When the local language is unknown, the place is unknown, people are unknown to us, everything is more difficult. For example, just finding a good place to eat is an activity by itself! I know people who have such a hard time deciding where to eat dinner in their hometown, I can’t imagine the process when they don’t even speak the language and are used to the food. So here again, it’s a challenge for Emma-Kate: she can only eat what’s on the menu! Since we are not staying very long at each destination, it requires a lot of resilience. We can’t complain here: even though Emma-Kate’s menu came down to only the following 5 foods in our recent trip to Sri Lanka (and I barely exaggerate): fries, bread, rice, ice cream and peanut butter! Traveling with a toddler means choosing our battles!
For an adult, all these changes might not be too much, but for a child, it is a lot. When we are traveling to 4 different countries in 1 single trip, the food changes, everything changes. During our last journey, she slept in over 15 different beds! Every 3 days, she had to adjust to new surroundings, a new bedtime routine, and more. Everything is constantly changing! This means she had to already be resilient and adapt to a whole new world.
There’s also the friends! Every time we changed places, she made new friends. Only to leave them again, and again.
I strongly believe that even though children are extremely resilient, putting her intentionally in ever changing situation forces her to get out of her comfort zone. These perpetual changes build her character and she gets tougher and tougher!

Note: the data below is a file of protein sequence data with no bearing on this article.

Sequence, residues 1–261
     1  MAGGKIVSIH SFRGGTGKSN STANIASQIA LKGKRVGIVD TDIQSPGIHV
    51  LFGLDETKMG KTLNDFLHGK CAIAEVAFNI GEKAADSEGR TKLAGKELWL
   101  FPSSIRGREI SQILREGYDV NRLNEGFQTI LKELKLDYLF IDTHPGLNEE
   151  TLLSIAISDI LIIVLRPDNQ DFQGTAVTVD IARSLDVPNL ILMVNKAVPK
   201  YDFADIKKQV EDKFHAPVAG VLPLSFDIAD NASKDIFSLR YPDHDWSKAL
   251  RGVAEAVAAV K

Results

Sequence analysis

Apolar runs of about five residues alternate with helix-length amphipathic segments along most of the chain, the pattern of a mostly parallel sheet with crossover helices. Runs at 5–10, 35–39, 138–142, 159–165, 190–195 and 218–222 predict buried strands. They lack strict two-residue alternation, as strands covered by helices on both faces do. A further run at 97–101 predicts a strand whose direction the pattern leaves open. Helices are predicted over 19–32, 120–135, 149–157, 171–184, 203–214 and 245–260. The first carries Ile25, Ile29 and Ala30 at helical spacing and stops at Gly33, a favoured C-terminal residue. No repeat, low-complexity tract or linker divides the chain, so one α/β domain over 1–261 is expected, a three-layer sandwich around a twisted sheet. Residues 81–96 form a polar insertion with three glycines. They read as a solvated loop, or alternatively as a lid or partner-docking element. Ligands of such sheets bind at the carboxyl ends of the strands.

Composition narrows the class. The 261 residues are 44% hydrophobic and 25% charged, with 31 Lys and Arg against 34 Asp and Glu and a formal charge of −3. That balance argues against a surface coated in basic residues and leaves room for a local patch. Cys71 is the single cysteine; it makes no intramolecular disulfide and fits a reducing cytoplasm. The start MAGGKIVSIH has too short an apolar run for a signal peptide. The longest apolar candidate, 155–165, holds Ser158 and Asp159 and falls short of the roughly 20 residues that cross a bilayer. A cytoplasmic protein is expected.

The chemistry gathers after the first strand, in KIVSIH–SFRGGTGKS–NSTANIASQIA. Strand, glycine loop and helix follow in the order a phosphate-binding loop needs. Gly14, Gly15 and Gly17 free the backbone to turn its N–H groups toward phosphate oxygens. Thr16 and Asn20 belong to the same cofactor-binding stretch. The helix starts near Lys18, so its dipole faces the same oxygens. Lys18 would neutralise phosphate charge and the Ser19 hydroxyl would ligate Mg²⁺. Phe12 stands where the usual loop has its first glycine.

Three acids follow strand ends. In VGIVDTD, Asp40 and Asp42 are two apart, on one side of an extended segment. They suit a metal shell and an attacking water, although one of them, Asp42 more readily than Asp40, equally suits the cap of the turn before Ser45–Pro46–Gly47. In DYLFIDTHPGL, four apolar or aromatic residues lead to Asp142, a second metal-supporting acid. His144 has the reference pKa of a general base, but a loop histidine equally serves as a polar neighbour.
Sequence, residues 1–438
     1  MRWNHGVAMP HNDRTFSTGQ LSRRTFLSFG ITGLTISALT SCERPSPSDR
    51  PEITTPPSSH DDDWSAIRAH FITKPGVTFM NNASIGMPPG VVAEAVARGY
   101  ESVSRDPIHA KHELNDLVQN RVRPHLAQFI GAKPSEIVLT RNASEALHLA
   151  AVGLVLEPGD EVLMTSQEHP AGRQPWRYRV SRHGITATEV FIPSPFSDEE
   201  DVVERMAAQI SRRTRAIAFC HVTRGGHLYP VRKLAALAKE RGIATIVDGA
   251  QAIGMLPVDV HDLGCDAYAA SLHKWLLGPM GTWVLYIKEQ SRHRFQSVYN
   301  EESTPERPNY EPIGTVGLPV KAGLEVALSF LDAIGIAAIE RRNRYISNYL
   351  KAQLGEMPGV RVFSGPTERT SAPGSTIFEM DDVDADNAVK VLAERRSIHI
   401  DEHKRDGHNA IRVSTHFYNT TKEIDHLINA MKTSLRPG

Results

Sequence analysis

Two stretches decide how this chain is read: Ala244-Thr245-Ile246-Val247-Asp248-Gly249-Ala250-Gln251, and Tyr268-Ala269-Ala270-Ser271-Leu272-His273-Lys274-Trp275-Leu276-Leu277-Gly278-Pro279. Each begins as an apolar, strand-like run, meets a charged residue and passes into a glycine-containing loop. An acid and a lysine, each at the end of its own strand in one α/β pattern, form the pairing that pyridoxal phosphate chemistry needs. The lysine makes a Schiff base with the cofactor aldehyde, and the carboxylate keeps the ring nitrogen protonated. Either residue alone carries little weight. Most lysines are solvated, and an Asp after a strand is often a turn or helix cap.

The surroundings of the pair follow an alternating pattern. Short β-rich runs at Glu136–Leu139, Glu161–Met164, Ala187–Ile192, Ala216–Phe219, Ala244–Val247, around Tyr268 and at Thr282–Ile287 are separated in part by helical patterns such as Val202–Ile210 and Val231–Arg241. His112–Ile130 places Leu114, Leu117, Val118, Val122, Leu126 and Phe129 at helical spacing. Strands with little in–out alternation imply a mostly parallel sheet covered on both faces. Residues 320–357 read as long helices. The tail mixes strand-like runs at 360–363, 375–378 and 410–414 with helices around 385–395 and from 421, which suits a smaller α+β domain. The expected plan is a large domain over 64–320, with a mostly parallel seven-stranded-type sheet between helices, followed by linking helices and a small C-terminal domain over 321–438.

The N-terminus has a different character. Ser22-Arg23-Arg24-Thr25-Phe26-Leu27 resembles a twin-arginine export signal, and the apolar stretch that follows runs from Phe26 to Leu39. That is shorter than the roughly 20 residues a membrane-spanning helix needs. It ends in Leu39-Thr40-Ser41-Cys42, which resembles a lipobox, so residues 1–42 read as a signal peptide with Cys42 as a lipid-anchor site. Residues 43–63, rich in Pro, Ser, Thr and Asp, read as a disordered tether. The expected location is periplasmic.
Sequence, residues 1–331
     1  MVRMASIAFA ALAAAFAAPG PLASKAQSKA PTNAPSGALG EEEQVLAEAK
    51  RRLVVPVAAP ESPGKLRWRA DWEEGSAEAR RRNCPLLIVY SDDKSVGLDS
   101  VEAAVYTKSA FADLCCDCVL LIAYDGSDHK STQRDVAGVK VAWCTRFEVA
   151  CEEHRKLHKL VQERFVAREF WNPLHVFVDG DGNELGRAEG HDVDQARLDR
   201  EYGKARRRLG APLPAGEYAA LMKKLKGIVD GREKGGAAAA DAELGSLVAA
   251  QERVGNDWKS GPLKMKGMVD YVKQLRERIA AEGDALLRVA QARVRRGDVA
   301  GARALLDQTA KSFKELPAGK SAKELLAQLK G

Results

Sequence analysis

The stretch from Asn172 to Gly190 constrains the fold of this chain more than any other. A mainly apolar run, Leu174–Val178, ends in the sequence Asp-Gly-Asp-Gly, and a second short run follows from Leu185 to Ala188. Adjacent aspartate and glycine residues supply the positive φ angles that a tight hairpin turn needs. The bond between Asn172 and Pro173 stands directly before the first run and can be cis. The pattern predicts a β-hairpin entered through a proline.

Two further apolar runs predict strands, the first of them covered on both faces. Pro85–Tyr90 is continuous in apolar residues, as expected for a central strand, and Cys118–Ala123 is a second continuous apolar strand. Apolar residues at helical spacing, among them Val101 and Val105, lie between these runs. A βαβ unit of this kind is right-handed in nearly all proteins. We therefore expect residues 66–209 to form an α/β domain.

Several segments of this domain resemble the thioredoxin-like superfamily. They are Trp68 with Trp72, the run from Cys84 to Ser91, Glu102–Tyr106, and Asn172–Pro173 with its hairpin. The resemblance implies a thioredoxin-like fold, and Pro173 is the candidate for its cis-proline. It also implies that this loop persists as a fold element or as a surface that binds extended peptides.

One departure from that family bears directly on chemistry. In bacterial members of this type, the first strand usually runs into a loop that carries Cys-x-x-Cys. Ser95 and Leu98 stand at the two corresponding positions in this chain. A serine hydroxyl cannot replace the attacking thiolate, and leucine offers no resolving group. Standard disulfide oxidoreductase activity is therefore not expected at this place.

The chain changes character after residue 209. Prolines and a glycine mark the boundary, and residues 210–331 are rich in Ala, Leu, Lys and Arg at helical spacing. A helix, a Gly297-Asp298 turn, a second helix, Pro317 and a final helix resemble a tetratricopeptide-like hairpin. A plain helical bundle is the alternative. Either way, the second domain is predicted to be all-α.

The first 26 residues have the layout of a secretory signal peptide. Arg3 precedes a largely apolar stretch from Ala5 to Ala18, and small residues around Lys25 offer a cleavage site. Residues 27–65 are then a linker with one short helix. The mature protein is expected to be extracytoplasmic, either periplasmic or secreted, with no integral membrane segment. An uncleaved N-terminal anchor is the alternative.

It is also proven that the more a child is exposed to new stimuli, the more connections are made in her brain. So it is logical to say that traveling makes our little girl smarter! Win-win!
What got us really impressed is how every morning, Emma-Kate woke up in a good mood, ready for the next adventure, even though she had no idea what to expect! She is so bubbly! She is always up for anything, want to try lots of activities, and for that (and so much more), we are very proud parents!
Over a short period of time, she developed that mental resilience that allows her to be happy and feel good no matter what may happen. Of course, some elements in her environment never change, as anchors, and make her feel safe: first, both her parents (us!) are constantly with her and always ready to reassure her, and second, her favourite stroller (the BOB Stroller Strides Fitness, the best stroller for active and independent travellers, by the way 😉 ) that serves as a small protective bubble, her private place where nothing can happen to her!
What I am trying to say is that traveling is a kind of school, it is part of the school of life, and I think it is one of the best ways to shape our child’s character and personality. Of course, not all people can travel all around the world, but there are other ways to achieve the same goal.
The benefits we get from independent and adventurous traveling is that our child is automatically immersed in a new environment that puts her to the test and forces her to adapt and get more and more resilient. That’s the best gift that we can give her, the best legacy: to give her all the tools to face this beautiful, but tough world.